4 More Ways of Basic Salary and Employment Negotiation

A friend recently negotiated a $10,000 bump in a salary offer because he used reasoning with a company that came after him. The current company paid $16,000 for his master’s degree, and asked the approaching company to invest part of what he would have to pay back. The company was impressed and agreed to work with him. Note that he only requested a portion and not the whole. Negotiation is an critical discussion in closing the deal. The ideal approach sets the tone for a prosperous career. Remember, reasonable. Read on!

1. Patient salary negotiation earns respect from employers

If you are tactful and respectful in making a request for anything using sound reason, the reciprocated respect is worth more than a salary bump. The word “REASON” is a powerful negotiation tool because it can make or break your efforts. To present a reason as a one-way often fails because the candidate is self-seeking. To offer sound reasoning is a value exchange: “I would like to work from home a day or two a week in exchange for working 6-8 hours overtime at the office.” This may work better with an employer who promotes work/life balance but it is only an offer.

2. You’re experienced. How about flexible?

If you have given a range of an expected salary, I hope is a thought-out, calculated, and measured answer. What about the other issues important to you, such as schedule, benefits, and perhaps holidays? If you have read articles on negotiation, they will say you should create a “must-have” list.  Remember, be reasonable in requesting your “must-haves.” Negotiate with the professional relationship in mind.

3. Wait for it…in writing

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If you want clarity wait for the offer in writing before convening the Geneva convention. Depending on the professional level, the offer based on the value communicated. In lower level professions (hourly wage) the wiggle room is very small, which means you will have to consider non-salary negotiations (not true for every case but common).

An article in The Central New York Business Journal suggested,

If the desired salary isn’t available…make sure a position will offer other incentives prove beneficial later in a job candidate’s career.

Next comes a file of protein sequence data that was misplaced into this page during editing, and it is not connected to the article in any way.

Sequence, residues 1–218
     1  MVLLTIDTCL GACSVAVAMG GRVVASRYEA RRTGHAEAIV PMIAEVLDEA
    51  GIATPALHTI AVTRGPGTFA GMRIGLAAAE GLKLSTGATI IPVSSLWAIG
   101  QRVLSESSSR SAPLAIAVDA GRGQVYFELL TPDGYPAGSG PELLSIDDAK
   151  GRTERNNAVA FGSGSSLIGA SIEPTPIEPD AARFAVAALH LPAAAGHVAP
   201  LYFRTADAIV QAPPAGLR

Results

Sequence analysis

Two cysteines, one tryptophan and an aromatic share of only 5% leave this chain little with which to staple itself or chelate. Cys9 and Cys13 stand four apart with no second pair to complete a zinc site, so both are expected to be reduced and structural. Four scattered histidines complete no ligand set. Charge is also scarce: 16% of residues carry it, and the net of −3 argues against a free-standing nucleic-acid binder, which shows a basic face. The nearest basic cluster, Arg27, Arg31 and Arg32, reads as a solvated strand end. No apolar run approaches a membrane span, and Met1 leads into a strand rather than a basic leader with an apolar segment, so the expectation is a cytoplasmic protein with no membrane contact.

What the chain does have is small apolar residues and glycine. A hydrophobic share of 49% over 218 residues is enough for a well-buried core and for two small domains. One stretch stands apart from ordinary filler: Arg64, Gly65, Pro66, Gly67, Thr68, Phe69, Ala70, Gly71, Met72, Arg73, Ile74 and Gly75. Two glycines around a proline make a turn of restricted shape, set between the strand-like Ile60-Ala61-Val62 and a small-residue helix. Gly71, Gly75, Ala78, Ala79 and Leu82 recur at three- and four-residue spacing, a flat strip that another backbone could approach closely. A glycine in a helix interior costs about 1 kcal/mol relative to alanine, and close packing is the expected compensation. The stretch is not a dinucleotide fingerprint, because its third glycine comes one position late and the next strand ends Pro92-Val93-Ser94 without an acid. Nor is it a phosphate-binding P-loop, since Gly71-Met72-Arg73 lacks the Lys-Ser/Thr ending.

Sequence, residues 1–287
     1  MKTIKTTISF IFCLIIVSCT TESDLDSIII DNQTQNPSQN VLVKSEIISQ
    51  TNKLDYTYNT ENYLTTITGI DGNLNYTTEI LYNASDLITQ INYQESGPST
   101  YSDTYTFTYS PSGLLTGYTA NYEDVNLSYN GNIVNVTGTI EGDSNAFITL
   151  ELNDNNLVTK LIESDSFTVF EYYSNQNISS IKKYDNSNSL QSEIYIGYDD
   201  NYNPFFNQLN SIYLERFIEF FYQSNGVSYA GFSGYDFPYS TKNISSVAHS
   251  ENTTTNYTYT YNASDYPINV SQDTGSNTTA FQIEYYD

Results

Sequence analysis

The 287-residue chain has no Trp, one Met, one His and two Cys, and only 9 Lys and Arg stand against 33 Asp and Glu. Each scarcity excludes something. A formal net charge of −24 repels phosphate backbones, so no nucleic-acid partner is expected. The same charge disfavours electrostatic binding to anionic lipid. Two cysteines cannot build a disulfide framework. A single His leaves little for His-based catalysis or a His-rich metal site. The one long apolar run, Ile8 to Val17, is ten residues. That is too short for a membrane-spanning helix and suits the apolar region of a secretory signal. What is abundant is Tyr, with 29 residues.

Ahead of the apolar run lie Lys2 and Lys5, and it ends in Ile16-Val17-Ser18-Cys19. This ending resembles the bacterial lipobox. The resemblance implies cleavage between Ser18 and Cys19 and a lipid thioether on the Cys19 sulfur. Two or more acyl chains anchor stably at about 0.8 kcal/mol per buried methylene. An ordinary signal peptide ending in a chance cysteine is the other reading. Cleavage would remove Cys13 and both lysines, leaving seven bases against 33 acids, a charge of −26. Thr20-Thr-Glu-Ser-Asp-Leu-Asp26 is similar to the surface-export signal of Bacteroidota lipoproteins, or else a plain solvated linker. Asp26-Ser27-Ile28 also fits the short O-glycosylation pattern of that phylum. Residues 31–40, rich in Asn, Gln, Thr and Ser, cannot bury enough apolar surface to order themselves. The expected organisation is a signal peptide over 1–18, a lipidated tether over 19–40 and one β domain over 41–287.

Top Mistakes Professionals Make When Negotiating Their Salary. (2011). Business Journal (Central New York), 25(20), 10.

4. Salary negotiation is not a list of demands. It’s a business conversation

This approach is easier on both parties. No one is holding anyone hostage. Understand that for each “must-have” or request you make, expect requests. The success of this meeting will be the positive energy and mutual satisfaction (as stated in #6). Anything less than that you lose. Like the song says, “Know when to hold ‘em, and know when to fold ‘em…”

Again, the advice is basic, and by all means, read books on the subject if you desire a thorough knowledge base. Successful knowledge base rooted in expert knowledge of the value you offer and how to ask for what you want. Do you have tips to share? Please share in the comments.

About Mark Anthony Dyson

I am the "The Voice of Job Seekers," career consultant, job seeker advocate, career writer, and founder of this award-winning blog. I help the employed, unemployed, underemployed, and under-appreciated find jobs using job search strategies to navigate the new job market. I aim to give a safe place online to those with different needs, cultures, and ethnicities to find their voice in the job market. Thousands have read my career advice throughout the web as I write about everything from job search strategies to the mobile job search. I have published more than 400 articles on this blog and some of the largest career sites such as Recruiter.com, YouTern, and Come Recommended. I've been quoted in major publications such as on Monster, AOL Jobs, Fortune, Business Insider and Levo League. Both FlexJobs and JobMonkey listed my podcast as one of the top eight podcasts to help your job search. Love for you to sign up for the weekly newsletter. I share the latest articles I've written, new podcast episodes, and answer any questions you may have. The new job search is scary and if you need help, I am here for it!

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